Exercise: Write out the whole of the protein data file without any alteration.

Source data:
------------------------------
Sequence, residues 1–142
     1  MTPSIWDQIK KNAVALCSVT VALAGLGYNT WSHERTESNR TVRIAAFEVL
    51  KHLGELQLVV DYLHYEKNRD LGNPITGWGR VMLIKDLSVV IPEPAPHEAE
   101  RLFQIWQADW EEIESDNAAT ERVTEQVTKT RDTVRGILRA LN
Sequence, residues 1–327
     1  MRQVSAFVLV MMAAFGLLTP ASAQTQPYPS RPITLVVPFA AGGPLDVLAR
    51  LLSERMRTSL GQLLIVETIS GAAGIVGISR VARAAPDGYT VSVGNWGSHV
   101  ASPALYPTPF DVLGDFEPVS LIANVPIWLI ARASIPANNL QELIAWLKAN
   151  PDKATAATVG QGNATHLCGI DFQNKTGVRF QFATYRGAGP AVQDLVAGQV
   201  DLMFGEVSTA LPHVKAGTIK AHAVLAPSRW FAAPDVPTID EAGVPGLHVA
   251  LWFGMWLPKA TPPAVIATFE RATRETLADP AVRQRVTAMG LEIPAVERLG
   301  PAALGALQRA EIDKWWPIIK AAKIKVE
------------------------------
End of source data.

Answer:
Sequence, residues 1–142
     1  MTPSIWDQIK KNAVALCSVT VALAGLGYNT WSHERTESNR TVRIAAFEVL
    51  KHLGELQLVV DYLHYEKNRD LGNPITGWGR VMLIKDLSVV IPEPAPHEAE
   101  RLFQIWQADW EEIESDNAAT ERVTEQVTKT RDTVRGILRA LN
Sequence, residues 1–327
     1  MRQVSAFVLV MMAAFGLLTP ASAQTQPYPS RPITLVVPFA AGGPLDVLAR
    51  LLSERMRTSL GQLLIVETIS GAAGIVGISR VARAAPDGYT VSVGNWGSHV
   101  ASPALYPTPF DVLGDFEPVS LIANVPIWLI ARASIPANNL QELIAWLKAN
   151  PDKATAATVG QGNATHLCGI DFQNKTGVRF QFATYRGAGP AVQDLVAGQV
   201  DLMFGEVSTA LPHVKAGTIK AHAVLAPSRW FAAPDVPTID EAGVPGLHVA
   251  LWFGMWLPKA TPPAVIATFE RATRETLADP AVRQRVTAMG LEIPAVERLG
   301  PAALGALQRA EIDKWWPIIK AAKIKVE